APPLYING FOR FEMA DISASTER ASSISTANCE. Alert for people with disabilities and others with access and functional needs, health or medical needs

posted over 1 year ago by CERV from Community Emergency Response Volunteers of the Monterey Peninsula Labels: information
This update is over 30 days old.

Question #24 “Special Needs” on the FEMA Application - Form 90-69 Special Needs: Did you, your co-applicant or any dependents have help doing things like walking, seeing, hearing or taking care of yourself before the disaster and have you lost that help or support because of the disaster? Yes No If yes, select all that apply: Mobility, such as: Wheelchair Walker Cane Lift Bath Chair Personal Care Attendant, etc. (Select all that apply) Cognitive/Developmental Disabilities/Mental Health, such as: Personal care attendant, etc. Hearing or speech, such as: Hearing aid, sign language interpreter, TDD/TTY, Other Vision, such as: Glasses, white cane, service animal, Braille or other accessible communication device, magnifier Answer YES to this question if you have a disability, special needs, or other health or medical condition. This is the best way to begin to get disability, homecare, or other medical support assistance in the application process and for disability related repairs and replacement of medical equipment, assistive technology, supplies,( wheelchair, scooter, walker, CPAP machine ) and services you may be eligible to receive reimbursement.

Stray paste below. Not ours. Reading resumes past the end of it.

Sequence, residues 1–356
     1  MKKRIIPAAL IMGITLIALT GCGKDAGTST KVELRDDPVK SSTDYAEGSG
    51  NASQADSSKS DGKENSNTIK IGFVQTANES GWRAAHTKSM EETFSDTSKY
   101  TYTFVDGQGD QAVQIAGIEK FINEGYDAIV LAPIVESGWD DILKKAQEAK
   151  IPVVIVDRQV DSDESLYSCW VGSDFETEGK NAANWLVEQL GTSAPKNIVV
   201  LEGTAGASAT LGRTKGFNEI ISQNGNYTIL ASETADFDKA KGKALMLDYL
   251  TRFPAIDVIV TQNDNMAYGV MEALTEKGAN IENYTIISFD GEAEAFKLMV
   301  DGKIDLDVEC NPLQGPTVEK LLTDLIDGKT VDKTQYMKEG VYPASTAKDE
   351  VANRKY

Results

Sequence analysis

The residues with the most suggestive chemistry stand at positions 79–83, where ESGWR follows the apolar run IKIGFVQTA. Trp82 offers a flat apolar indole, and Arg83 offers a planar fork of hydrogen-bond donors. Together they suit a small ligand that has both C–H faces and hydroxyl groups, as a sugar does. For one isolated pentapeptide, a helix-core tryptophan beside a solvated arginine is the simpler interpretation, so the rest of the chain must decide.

NOTE: GETTING A “NO” ANSWER CHANGED TO “YES” LATER, IS NOT POSSIBLE. Whether filling out this form for yourself, for your household or with help, follow these instructions:

If you are talking to a FEMA representative either by phone or in person tell them h exactly what disability, special need, or medical related help or accommodations you need to complete the application you need. This includes completing the application getting your home inspected, or any other steps to get disaster assistance from FEMA.

These accommodations can include a and interpreter including a sign language interpreter, documents in large print, or Braille , help with reading or understanding the questions, text messages instead of phone calls or other help.

Before ending the call or before leaving the FEMA worker, make sure they check” YES” to question 24 and wrote exactly what you said in their file notes. Ask the worker to read the answer back to you and make any necessary corrections.

It is important that each time you talk with a FEMA worker about your case, remind the worker of all assistance you might need throughout the disaster assistance process (for example: help if you are hard of hearing, have a speech disability, need an interpreter including a sign language interpreter, need Communication Access Real-Time Translation (CART), need written documents in large print or Braille, .}, Also remind the FEMA worker to scroll down in your record on their computer they should find these needs recoded from your past contacts with the FEMA application worker..

Question 24 - New FEMA video

Provided by: Partnership for Inclusive Disaster Strategies National Council on Independent Living- Emergency Management Task Force


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